Four reasons Arizona's home football attendance has dipped to 45,586, creating the possibility that the Wildcats will average the fewest fans since the John Mackovic years:
1. Four home games in a 29-day period were too much. If nothing else, it's too expensive for the average guy sitting on the couch, worried about his electric bill. For another, it wipes out the entire month of weekend entertainment options. There's not that much passion for college football in Tucson.
2. Night games can be a killer, and four of them in succession (five when the Washington Huskies play at Arizona Stadium on Saturday) requires an all-out commitment, making it a football-inclusive weekend, a midnight or later return home, and an I'm-worn-out hangover that can linger on Sunday.
3. Construction in the north end zone, eliminating about 5,000 seats that were mostly filled the last 20 seasons, forced fans to move to the upper deck on the east side or to faraway seats on the west side. Thousands balked.
4. There is no immediacy to this season. At most, the average fan expected, or hoped, Arizona could finish 7-5 and play in a token bowl game. The Mike Stoops years extinguished the fire in the belly of thousands of potential ticket-buyers. The guy who might buy single-game tickets is saving his money for upcoming games against USC and Arizona State.
By comparison, none of the other three Pac-12 schools with new football administrations has done much better:
• Arizona State has averaged 53,631, down from last year's 59,007 under Dennis Erickson.
• UCLA continues to play before an average of 30,000 empty seats at the Rose Bowl, and even though the Bruins average 61,548, up from last year's 56,644 blah-fest under Rick Neuheisel, those figures were compromised when about 25,000 Cornhusker fans attended the Sept. 8 Nebraska-UCLA game.
• Washington State slumped to 27,339 for Saturday's home game against Cal, the dreaded 7:30 p.m. slot on the Pac-12 Networks. It was Mike Leach Bobblehead Doll Night (given to the first 10,000 Wazzu fans).
As laudable Spokane columnist John Blanchette wrote Sunday, bad football has "exhausted the giddy buzz of a rock-star hire." The Cougars are averaging 30,868 per game (up from last year's 28,791) but that's misleading because the home opener, against nearby small-college power Eastern Washington, was sold out thanks to about 8,000 EWU fans.
Some of this will change soon. The Sun Devils today, or later this week, are almost sure to announce that Thursday's ESPN game against Oregon is a sellout and that 71,000 fans will attend.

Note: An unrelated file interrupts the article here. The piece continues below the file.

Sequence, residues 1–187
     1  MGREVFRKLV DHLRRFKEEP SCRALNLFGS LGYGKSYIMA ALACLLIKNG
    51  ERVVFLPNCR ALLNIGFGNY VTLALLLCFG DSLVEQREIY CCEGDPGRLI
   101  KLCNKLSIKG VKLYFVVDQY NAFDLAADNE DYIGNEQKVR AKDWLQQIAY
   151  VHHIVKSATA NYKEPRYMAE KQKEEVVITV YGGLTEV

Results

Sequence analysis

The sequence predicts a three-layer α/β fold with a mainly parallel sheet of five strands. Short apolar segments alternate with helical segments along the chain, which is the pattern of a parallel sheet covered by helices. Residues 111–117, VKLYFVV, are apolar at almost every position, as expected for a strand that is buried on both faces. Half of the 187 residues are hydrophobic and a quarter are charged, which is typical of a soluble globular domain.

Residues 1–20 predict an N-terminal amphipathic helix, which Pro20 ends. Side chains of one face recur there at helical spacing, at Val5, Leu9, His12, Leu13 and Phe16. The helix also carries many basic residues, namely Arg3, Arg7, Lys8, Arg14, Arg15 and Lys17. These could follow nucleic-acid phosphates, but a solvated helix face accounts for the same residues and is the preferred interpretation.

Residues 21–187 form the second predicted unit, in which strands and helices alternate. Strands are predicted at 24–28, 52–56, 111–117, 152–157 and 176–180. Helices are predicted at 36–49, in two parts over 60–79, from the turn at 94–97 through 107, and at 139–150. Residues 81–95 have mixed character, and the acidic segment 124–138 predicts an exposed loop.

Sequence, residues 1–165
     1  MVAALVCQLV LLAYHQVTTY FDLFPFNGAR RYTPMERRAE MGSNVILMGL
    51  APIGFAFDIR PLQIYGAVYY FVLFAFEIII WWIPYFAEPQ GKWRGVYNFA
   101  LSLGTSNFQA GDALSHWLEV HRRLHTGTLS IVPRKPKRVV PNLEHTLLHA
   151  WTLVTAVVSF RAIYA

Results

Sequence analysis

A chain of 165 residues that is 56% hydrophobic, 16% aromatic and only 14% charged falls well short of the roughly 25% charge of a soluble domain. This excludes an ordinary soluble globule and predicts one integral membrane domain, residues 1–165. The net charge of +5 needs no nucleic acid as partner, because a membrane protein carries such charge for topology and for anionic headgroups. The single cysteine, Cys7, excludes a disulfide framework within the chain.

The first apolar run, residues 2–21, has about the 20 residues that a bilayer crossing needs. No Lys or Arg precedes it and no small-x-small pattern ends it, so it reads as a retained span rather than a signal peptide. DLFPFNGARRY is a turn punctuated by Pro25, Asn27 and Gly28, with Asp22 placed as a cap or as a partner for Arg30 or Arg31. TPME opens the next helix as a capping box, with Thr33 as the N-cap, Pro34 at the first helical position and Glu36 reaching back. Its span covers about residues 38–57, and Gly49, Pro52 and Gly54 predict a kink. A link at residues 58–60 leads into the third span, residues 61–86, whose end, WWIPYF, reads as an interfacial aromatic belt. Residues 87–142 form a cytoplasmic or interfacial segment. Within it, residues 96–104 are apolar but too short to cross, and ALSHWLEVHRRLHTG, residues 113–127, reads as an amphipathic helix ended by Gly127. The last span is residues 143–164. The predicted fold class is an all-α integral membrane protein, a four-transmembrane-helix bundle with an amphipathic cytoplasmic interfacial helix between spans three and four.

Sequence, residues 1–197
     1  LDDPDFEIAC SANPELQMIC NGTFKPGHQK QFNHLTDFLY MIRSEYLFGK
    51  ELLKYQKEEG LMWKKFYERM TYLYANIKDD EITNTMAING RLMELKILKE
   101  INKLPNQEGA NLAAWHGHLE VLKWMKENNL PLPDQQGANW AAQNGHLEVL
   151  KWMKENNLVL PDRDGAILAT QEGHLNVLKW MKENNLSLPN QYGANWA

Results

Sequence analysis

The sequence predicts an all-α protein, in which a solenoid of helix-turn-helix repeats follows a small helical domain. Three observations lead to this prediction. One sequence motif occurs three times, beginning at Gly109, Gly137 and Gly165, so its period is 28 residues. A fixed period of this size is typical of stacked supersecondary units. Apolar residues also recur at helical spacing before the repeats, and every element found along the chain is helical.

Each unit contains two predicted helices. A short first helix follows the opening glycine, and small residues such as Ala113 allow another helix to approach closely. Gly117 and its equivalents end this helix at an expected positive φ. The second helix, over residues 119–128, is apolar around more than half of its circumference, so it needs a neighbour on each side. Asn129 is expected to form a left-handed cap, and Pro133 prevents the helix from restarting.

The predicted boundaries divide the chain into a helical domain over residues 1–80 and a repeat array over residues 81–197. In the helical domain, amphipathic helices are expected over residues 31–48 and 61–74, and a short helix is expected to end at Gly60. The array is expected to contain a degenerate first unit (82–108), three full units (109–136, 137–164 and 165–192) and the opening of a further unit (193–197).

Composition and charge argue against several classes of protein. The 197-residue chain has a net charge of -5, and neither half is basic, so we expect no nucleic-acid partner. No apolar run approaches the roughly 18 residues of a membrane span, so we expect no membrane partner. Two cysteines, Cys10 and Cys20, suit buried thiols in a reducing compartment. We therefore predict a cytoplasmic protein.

ASU (5-1) is capitalizing on its weak opening schedule and the Ducks' star power. The timing couldn't be better.
"We need our fans to pack this stadium. We need that 12th-man mentality," Sun Devils coach Todd Graham told reporters Friday. "To have the 'blackout' right here for our national audience and for all of our recruits, it means the world to us to have that support."
Two days later, the Arizona-Washington game will be played with much less hoopla, no blackout and no buzz. If the Wildcats draw 49,000, it will be a surprise.
What's odd is that the 2010 UA-Washington game here drew 56,244 (the Huskies were 3-3); the 2008 UA-UW game here drew 55,624 (the Huskies were 0-4); and the 2006 UA-UW game at Arizona Stadium attracted 55,409 (the Huskies were 3-1).
What has changed since then?
Expectations have been marginalized. UA fans felt let down by the Stoops implosion and haven't been quick to jump aboard Rich Rodriguez's bandwagon the way they did, often blindly, with Stoops.
They've been burned too often. Isn't that it?
"We've tried to keep ticket prices as low as possible because we rely on Joe Six Pack so much," says UA athletic director Greg Byrne. "There's also so much college football available on TV now, in competition with our home games. And I also think people are in a wait-and-see mode. I talked to a UA fan at LAX airport and he told me he was a fan, excited about RichRod, but said he hadn't bought tickets yet because he was just going to wait and see how it turned out for a while."
It's also likely, but impossible to prove, that the start time that best fits and appeals to a UA football crowd is maybe 4:30 or 6 p.m.
At ASU this week, the Sun Devils' website has a countdown-to-kickoff clock. It is cool to be a Sun Devil again. Not so at Arizona, at least not until expectations flip, stadium construction is completed, and RichRod has time to add reinforcements to his thin roster.
In 2012, the only countdown in Tucson is for thousands of fans hoping to get home before midnight Saturday.